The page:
THE sorrow of the weeping prophet was exceeding heavy when he uttered these words of bitter           lamentation. A great and present burden from the Lord is weighing so heavily upon our hearts this           morning, that we cannot spare so much as a moment for sympathy with the griefs of past ages. God has           visited our land, and his strokes have been exceeding hard. We are constrained to take up a wailing, and cry aloud,           "Suddenly are my tents spoiled, and my curtains in a moment." There is a spot in South Wales which has           frequently yielded me a quiet and delightful retreat. Beautiful for situation, surrounded by lofty mountains, pierced           by romantic valleys, the breathing of its air refreshes the body, and the sight of the eyes makes glad the heart. I           have climbed its hills, I have seen the ever widening landscape, the mountains of Wales, the plains of England, and           the seas sparkling afar. I have descended the hills and marked the mist creeping up the side of the hills and           covering the woods in clouds. I have mingled with its godly men and women, and worshipped God in their           assemblies. These lips have ministered the Word in that once happy valley. I have been fired with the glorious           enthusiasm of the people when they have listened to the Word. Well doth my soul remember one night, which I           shall never forget in time or in eternity, when, crowded together in the place of worship, hearty Welsh miners           responded to every word of Christ's minister, with their "gogoniants" encouraging me to preach the Gospel, and           crying "Glory to God" while the message was proclaimed. I remember how they constrained me, and kept me well           nigh to midnight, preaching three semons, one after another, almost without rest, for they loved to listen to the           gospel. God was present with us, and many a time has the baptismal pool been stirred since then by the fruit of           that night's labour. Nor shall I ever forget when standing in the open air beneath God's blue sky, I addressed a           mighty gathering within a short distance of that spot; when the Spirit of God was poured upon us, and men and           women were swayed to and fro under the heavenly message, as the corn is moved in waves by the summer           winds. Great was our joy that day when the people met together in thousands, and with songs and praises           separated to their homes, talking of what they had heard. But now our visitation of that neighbourhood must ever           be mingled with sorrow. How hath God been pleased to smite down strong men, and to take away the young men           upon a sudden! "How suddenly are my tents spoiled, and my curtains in a moment." Oh! vale of Risca, I take up a           lamentation for thee: the Lord hath dealt sorely with thee. Behold, and see if there be sorrow in any valley like           unto thy sorrow which is done unto thee. The angel of death has emptied out his quiver upon thee; the awful           reaper hath gathered to himself full sheaves from thy beautifull valley.               You all know the story; it scarce needs that I should tell it to you. Last Saturday week some two hundred or           more miners descended in health and strength to their usual work in the bowels of the earth. They had not been           working long, their wives and their children had risen, and their little ones had gone to their schools, when           suddenly there was heard a noise at the mouth of the pit;it was an explosion,all knew what it meant. Men's           hearts failed them, for well they prophesied the horror which would soon reveal itself. They wait awhile, the foul           gas must first be scattered, brave men with their lives in their hands descend into the pit, and when they are able to           see with the dim miner's lamp, the light falls upon corpse after corpse. A few, a handful are brought up alive, and           scarce alive, but yet, thank God, with enough of the vital spark remaining to be again kindled to a flame; but the           great mass of those strong men have felt the grip of death. Some of them were brought up to the top with their           faces burned and scarred, with their bodies disfigured by the fire; but many are discovered whose faces looked as           if they sweetly slept, so that it was scarcely possible to believe that they really could be dead, so quietly had the           spirit quitted the habitation of clay. Can you picture to yourselves the scene? The great fires lit around the pit,           flaming both night and day, the thick mist, the pouring rain drenching the whole of the valley. Do you see the           women as they come clustering round the pit, shrieking for their sons, and their husbands, and their fathers. Do           you hear that shrill scream as yonder woman has just discovered the partner of her soul; and there do you mark           another bending over the form of her two stalwart sons, now alas taken from her for ever? Do you mark the           misery that sits upon the face of some who have not found their sons, or their fathers, or their husbands, or their           brothers, and who know not where they are, and feel a thousand deaths themselves because they feel convinced           that their precious ones have fallen, though their corpses cannot be found? The misery in that valley is past           description; those who have witnessed it, fail to be able to picture it. As the cry of Egypt in the night when the           destroying angel went through all the land and smote the firstborn; as the wail of Rachel when she could not be           comforted for her children, because they were not; such has been the howling, the weeping, the lamentation of           that fair but desolate valley.               My friends, this judgment has a voice to us, and the scarce buried bodies of those men which lie around us in           vision, have each a sorrowful lesson. The cry of the widow, and of the childless mother, shall come up into our           ears to-day; and, O Lord God of Saboath, may it so arouse us that we may hear, and fear, and tremble, and turn           unto theethat this dread calamity may be to us the means of our salvation, or if saved, the means of stirring us           up more earnestly to seek the salvation of our fellow men.               There are three points upon which I shall try to address you this morning, though I feel inadequate to such a           task. First, I shall say somewhat upon sudden bereavements; then I shall dwell awhile upon the fact of sudden           death; and afterwards we will say but a little, for we know but little, of the sudden exchange which sudden death           shall bring both to saints and sinners.               I. Our first sorrowful theme is SUDDEN BEREAVEMENTS.               Alas! alas! how soon may we be childless; how soon may we be widowed of the dearest objects of our           affections! O Lord, thou hast shown to us this day, how soon thou canst blast our gourds and wither all the fruits           of our vineyard. The dearest ones, the partners of our blood, how soon can death proclaim a divorce between           usour children, the offspring of our loins, how soon canst thou lay them beneath the sod. We have not a single           relative who may not become to us within the next moment a fountain of grief. All that are dear and precious to us           are only here by God's good pleasure. What should we be to-day if it were not for those whom we love, and who           love us? What were our house without its little prattlers? What were our habitation without the wife of our bosom?           What were our daily business without our associates and friends to cheer us in our trials? Ah! this were a sad           world indeed, if the ties of kindred, of affection, and of friendship all be snapped; and yet it is such a world that           they must be sundered, and may be divided at any moment.               From the fact that sudden bereavements are possiblenot only to miners and to women whose husbands are           upon the sea, but to us alsoI would that we would learn profitable lessons. And first let us learn to set loose by           our dearest friends that we have on earth. Let us love themlove them we may, love them we shouldbut let us           always learn to love them as dying things. Oh, build not thy nest on any of these trees, for they are all marked for           the axe. "Set not thine affections on things on earth," for the things of earth must leave thee, and then what wilt           thou do when thy joy is emptied, and the golden bowl which held thy mirth shall be dashed to pieces? Love first           and foremost Christ; and when thou lovest others, still love them not as though they were immortal. Love not clay           as though it were undyinglove not dust as though it were eternal. So hold thy friend that thou shalt not wonder           when he vanishes from thee; so view the partakers of thy life that thou wilt not be amazad when they glide into           the land of spirits. See thou the disease of mortality on every cheek, and write not Eternal upon the creature of an           hour.               Take care that thou puttest all thy dear ones into God's hand. Thou hast put thy soul there, put them there.           Thou canst trust him for temporals for thyself, trust thy jewels with him. Feel that they are not thine own, but that           they are God's loans to thee; loans which may be recalled at any momentprecious benisons of heaven, not           entailed upon thee, but of which thou art but a tenant at will. Your possessions are never so safe as when you are           willing to resign them, and you are never so rich as when you put all you have into the hand of God. You shall           find it greatly mitigate the sorrow of bereavements, if before bereavement you shall have learned to surrender           every day all the things that are dearest to you into the keeping of your gracious God.               Further, then, you who are blessed with wife and children, and friends, take care that you bless God for them.           Sing a song of praise to God who hath blessed you so much than others. You are not a widow, but there are many           that wear the weeds, and why is it not your lot? You are not bereaven of your spouse, but there is many a man           whose heart is rent in twain by such a calamity,why is it not your portion too? You have not to follow           to-morrow your little ones to their narrow gravesearly flowers that did but bud and never ripened, withering           alas! too soon. Oh! by the sorrow which you would feel if they were taken away, I exhort you to bless God for           them while you have them. We sorrow much when our gifts are taken away, but we fail to thank God that he           spared them to us so long. Oh! be not ungrateful, lest thou provoke the Lord to smite very low the mercy which           thou dost not value. Sing unto the Lord, sing unto his name. Give unto him the blessing which he deserves for his           sparing favors which he has manifested towards you in your household.               And then permit me to remind you that if these sudden bereavements may come, and there may be a dark           chamber in any house in a moment, and the coffin may be in any one of our habitations, let us so act to our           kinsfolk and relatives as though we knew they were soon about to die. Young man, so treat thy hoary father as           thou wouldst behave to him if thou knewest he would die to-morrow. When thou shalt follow him to the grave,           amidst all thy tears for his loss, let there not be one tear of repentance because of thine ill behaviour to him. And           you godly fathers and mothers, to you I have a special messageyour children are committed to your care; they           are growing up, and what if after they be grown up they should plunge into sin and die at last impenitent! Oh, let           not the fierce regret sting you like an adder,"Oh that I had prayed for my children! Oh that I had taught them           before they departed." I pray you so live, that when you stand over your child's dead body you may never hear a           voice coming up from that clay, "Father, thy negligence was my destruction. Mother, thy want of prayer was the           instrument of my damnation." But so live, that when you hear the funeral knell, for a neighbour even, you may be           able to say, "Poor soul, whether he is gone to heaven or to hell, I know I am clear of is blood." And with double           earnestness be it so with your children. "Yes," says one "but I have thought of teaching my children more of           Christ, and being more earnest in prayer for them bye-and-bye," but what if they should die to-morrow? "Yes,"           says the wife, "I have thought of speaking to my ungodly husband, and trying to induce him to attend the house of           God with me, but I was afraid he would only laugh at me, so I put it off for a month or two." Ah! what if he dies           before you have cleared your conscience of him? Oh, my brothers and sisters in Christ, if sinners will be damned,           at least let them leap to hell over our bodies; and if they will perish, let them perish with our arms about their           knees, imploring them to stay, and not madly to destroy themselves. If hell must be filled, at least let it be filled in           the teeth of our exertions, and let not one go there unwarned and unprayed for.               In the light, then, of sudden bereavements, let not another hour pass over your head, when you have reached           home, before you have freed your conscience of the blood of your children's souls. Gather them together around           you this afternoon, and say to them, "My dear children, I have learned to day that you may die; I knew it before,           but I have had it impressed upon my mind by a solemn incident. My dear children, I cannot help telling you, that           as you must die, I am anxious that God's Holy Spirit should graciously lead you to repent of sin and seek a           Saviour." And then, when you have told them the way to salvation in simple terms, put your arms about their           necks, and bid the little ones kneel down and pray, "O God! upon their infant hearts, stamp thou, the image of           thyself. As they are in the image of the earthy, so make them in the image of the heavenly, that at the last I may           be able to say, 'Here am I, and the children thou hast given me.'"               II. The second head of my discourse this morning was to be, SUDDEN DEATH, AS WE VIEW IT MORE           PARTICULARLY IN RELATION TO OURSELVES.               The miners of Risca had no more idea of dying that Saturday morning than you or I have, nor did there seem           much likelihood that they would. They had gone up and down the pit, some of them, many thousands of times in           their lives. It is true that some had perished there, but then, how very many had gone up and down and had not           perished. Nay, they had grown so fearless of danger, that some of them even thrust themselves into it, and in           defiance of every regulation for the preservation of human life, they were bold and careless, and would gratify a           selfish indulgence when a spark might have caused the destruction of them all. We will not say that it was any           negligence that caused this accidentGod forbid that we should lay anything to the charge of those who have now           departed, and have to answer before their Godbut, at any rate, sure it is that men who have most to do with           danger are generally the most callous, and those who are most exposed are usually utterly careless about the very           danger which others see but which they will not see themselves. Any warning you or I might have given them           would have been thought unnecessary, if not impertinent. "Why need I be so careful? I have done this fifty times           before. Why may I not do it again?" But as in a moment, although there was no lightning flash, no earthquake, no           opening of a pit to swallow them up, quick in a moment the gas explodes and they stand before the Eternal God. It           was but the twinkling of an eye, even as though the last trump had sounded (and indeed it did sound as far as they           were concerned), and down fell the lifeless corpse, and the spirit returned to God who made it. And you and I are           in danger too. We are not in the pit in the midst of explosive air, but there are a thousand gates to death. How           many there be who have fallen dead in the streets? How many sitting in their own homes? I stayed but a week or           two ago with an excellent Christian man, who was then in the halest and most hearty health. I was startled indeed           when I heard immediately after that he had come home, and sitting down in his chair had shut his eyes and died.           And these things are usual, and in such a city as ours we cannot go down a street without hearing of some such           visitation. Well, our turn must come. Perhaps we shall die falling asleep in our beds after long sickness, but           probably we shall be suddenly called in such an hour as we think not to face the realities of eternity. Well, if it be           so, if there be a thousand gates to death, if all means and any means may be sufficient to stop the current of our           life, if really, after all, spiders' webs and bubbles are more substantial things than human life, if we are but a           vapour, or a dying taper that soon expires in darkness, what then? Why, first, I say, let us all look upon ourselves           as dying men, let us not reckon on to-morrow. Oh! let us not procrastinate, for taken in Satan's great net of           procrastination we may wait, and wait, and wait, till time is gone and the great knell of eternity shall toll our           dissolution. To-day is your only time. O mortal men, the present moment is the only moment you may call your           own, and oh! how swift its wings! This hour is yours; yesterday is gone; to-morrow is with God, and may never           come. "To-day if ye hear his voice harden not your hearts." Many have had their first impressions from thoughts           of death, and hence it is that Satan never likes to let a man think of the grave. I know a family in which the           governess, the daughter of a Christian minister, was told upon her entering her office, that she was never to           mention the subject of death to the children. They were never to know even that children might die. I did not           marvel when I knew the infidelity of the head of the household. What better atmosphere for an infidel to breathe           in, than where the blast of death is never felt? Infidels ought to be immortal. They ought to live in a world where           they can never die, for their infidelity will never be able to pass the stream of Jordan. There are infidels on earth,           but there are none in heaven, and there can be none in hell. They are convincedconvinced by terrible           factsconvinced that there is a God while they are crushed beneath his vengeance, and made to tremble at his           eternal power. But I pray you, sirs, be not such fools as to live as though your bones were iron and your ribs were           brass. Let us not be such madmen as to run as though there were no bounds to our race; let us not play away our           precious days as though days were common as sands on a sea shore. That hour-glass yonder contains all the sands           of your life. Do you see them running? How swiftly do they empty out! With some of you, the most of the sands           are in the bottom bulb of the glass, and there are only a few to go trickling through the narrow passway of its days.           Ah! and that glass shall never be turned again; it shall never run a second time for you. Let it once run out and you           will die. Oh! live as though you meant to die. Live as though you knew you might die to-morrow. Think as though           you might die now, and act this very hour as though I could utter the mandate of death, and summon you to pass           through the portals of the tomb.               And then take care, I pray you, that you who do know Christ not only live as though you meant to die, but           live while you live. Oh what a work we have to do, and how short the time to do it! Millions of men unconverted           yet, and nothing but our feeble voice with which to preach the Word! My soul, shalt thou ever condemn thyself in           thy dying moments for having preached too often or too earnestly? No, never. Thou mayest rebuke thy soul, but           thou canst never bemoan thy excessive industry. Minister of Christ! in thy dying hour it will never be a theme of           reproach to you that you preached ten times in the week, that you stood up every day to preach Christ, and that           you so preached that you spent yourself, and wasted your body with weakness. No, it will be our dull sermons           that will haunt us on our dying beds, our tearless preaching, our long studyings, when we might have preached           better had we come away and preached without them; our huntings after popularity, by gathering together fine           words, instead of coming right up, and saying to the people, "Men and women, you are dying, escape for your life           and fly to Christ;" preaching to them in red-hot simple words of the wrath to come and of the love of Christ. Oh!           there are some of you members of our churches, who are living, but what are you living for? Surely you are not           living to get moneythat is the worldling's object. Are you living merely to please yourselves? Why that is but the           beast's delight. Oh! how few there are of the members of our churches who really live for God with all their might.           Do we give to God as much as we give to our own pleasures? Do we give Christ's service as much time as we           give to many of our trifling amusements? Why, we have professional men of education, men of excellent training           and ability, who when they once get into a church, feel that they could be very active anywhere else, but as           Christians they have nothing to do. They can be energetic in parish vestries or in the rifle corps, but in the church           they give their name, but their energies are dormant. Ah! my dear hearers, you who love the Saviour, when we           shall come before Christ in heaven, if there can be a regret, it will be that we did not do more for Christ while we           were here. I think as we fall down before his feet and worship him, if we could know a sorrow, it would be           because we did not bring him in more jewels for his crowndid not seek more to feed the hungry, or to clothe the           nakeddid not give more to his cause, and did not labour more that the lost sheep of the house of Israel might be           restored. Live while you live; while it is called to-day, work, for the night cometh wherein no man can work.               And let us learn never to do anything which we would not wish to be found doing if we were to die. We are           sometimes asked by young people whether they may go to the theatre, whether they may dance, or whether they           may do this or that. You may do anything which you would not be ashamed to be doing when Christ shall come.           You may do anything which you would not blush to be found doing if the hand of death should smite you; but if           you would dread to die in any spot, go not there; if you would not wish to enter the presence of your God with           such-and-such a word upon your lip, utter not that word; or if there would be a thought that would be uncongenial           to the judgement-day, seek not to think that thought. So act that you may feel you can take your shroud with you           wherever you go. Happy is he that dies in his pulpit. Blessed is the man that dies in his daily business, for he is           found with his loins girt about him serving his Master; but, oh, unhappy must he be to whom death comes as an           intruder, and finds him engaged in that which he will blush to have ever touched, when God shall appear in           judgment. Power supreme; thou everlasting King; permit not death to intrude upon an ill-spent hour, but find me           rapt in meditation high; hymning my great Creator; proclaiming the love of Jesus, or lifting up my heart in prayer           for myself and my fellow-sinners. Let me but serve my God, and then, Death, I will not say to thee when thou           mayest comecome when thou wilt; but if I might choose, come to me while I am yearning after souls; come to           me when the cry of inviting love is on my lip, and when I am weeping over the souls of men. Come to me, then,           that men may say,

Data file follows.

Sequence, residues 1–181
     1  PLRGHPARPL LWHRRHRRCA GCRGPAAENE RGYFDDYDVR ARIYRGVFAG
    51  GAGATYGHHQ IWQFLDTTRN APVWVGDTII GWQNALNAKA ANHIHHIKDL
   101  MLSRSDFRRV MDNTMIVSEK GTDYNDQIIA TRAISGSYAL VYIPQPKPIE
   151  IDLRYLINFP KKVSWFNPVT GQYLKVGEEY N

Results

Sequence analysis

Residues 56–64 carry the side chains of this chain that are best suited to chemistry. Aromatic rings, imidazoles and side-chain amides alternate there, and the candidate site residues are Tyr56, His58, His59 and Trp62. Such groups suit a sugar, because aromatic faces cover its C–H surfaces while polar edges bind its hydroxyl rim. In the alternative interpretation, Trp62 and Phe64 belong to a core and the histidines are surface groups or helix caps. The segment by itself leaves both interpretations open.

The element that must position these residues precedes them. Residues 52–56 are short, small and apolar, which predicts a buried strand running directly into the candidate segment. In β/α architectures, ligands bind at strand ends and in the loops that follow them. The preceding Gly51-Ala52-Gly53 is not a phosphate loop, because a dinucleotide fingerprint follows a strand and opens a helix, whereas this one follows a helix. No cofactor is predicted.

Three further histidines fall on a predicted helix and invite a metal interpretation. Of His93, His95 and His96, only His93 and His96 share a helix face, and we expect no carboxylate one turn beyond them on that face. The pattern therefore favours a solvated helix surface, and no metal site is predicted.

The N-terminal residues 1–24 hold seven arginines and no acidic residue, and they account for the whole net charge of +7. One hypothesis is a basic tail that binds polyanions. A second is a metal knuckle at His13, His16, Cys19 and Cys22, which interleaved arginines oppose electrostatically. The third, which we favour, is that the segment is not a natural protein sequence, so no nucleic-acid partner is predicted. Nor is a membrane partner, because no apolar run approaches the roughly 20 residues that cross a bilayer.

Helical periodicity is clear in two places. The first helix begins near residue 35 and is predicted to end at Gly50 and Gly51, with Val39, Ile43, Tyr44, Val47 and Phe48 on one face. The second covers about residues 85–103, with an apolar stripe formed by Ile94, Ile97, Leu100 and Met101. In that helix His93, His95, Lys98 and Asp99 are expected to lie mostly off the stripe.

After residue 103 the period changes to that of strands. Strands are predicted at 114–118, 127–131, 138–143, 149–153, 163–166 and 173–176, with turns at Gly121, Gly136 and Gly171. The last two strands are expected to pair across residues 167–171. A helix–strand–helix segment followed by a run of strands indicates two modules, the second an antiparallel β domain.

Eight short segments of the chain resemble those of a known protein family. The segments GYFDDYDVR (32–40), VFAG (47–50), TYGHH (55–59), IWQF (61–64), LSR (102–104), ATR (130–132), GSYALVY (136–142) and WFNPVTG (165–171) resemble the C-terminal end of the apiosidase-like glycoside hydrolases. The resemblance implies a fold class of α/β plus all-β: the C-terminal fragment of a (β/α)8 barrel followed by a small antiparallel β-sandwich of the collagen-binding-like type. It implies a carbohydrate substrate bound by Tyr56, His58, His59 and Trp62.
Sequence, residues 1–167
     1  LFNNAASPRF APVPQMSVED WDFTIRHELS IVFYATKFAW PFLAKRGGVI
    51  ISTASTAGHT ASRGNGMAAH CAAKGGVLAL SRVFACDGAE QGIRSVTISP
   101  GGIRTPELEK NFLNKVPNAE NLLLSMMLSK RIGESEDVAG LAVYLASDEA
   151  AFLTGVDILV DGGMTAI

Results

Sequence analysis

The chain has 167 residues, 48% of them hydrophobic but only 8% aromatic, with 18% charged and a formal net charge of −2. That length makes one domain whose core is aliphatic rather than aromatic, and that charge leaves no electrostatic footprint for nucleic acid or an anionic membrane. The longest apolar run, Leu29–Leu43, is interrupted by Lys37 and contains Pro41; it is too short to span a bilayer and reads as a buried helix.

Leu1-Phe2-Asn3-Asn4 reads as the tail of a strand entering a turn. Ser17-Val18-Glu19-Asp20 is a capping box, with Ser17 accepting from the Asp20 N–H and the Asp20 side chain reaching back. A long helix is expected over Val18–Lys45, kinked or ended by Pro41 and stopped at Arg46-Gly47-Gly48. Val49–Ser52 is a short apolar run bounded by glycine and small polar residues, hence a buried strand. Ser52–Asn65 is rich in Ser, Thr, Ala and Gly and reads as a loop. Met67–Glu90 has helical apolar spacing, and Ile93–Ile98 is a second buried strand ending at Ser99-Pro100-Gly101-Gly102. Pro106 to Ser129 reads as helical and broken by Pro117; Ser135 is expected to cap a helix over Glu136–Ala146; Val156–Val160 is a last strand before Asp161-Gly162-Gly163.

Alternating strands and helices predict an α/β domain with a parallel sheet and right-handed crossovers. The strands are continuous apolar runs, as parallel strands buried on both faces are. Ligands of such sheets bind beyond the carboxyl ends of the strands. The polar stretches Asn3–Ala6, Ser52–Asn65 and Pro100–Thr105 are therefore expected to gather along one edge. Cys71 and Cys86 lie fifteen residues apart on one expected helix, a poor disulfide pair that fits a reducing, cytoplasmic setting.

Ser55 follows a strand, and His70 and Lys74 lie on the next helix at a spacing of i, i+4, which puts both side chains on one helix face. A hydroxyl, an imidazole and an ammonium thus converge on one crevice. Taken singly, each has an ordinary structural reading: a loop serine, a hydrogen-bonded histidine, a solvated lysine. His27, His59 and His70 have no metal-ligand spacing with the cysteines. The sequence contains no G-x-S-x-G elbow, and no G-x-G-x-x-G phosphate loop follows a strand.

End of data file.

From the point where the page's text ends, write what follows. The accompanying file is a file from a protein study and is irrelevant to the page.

"He did his body with his charge lay down,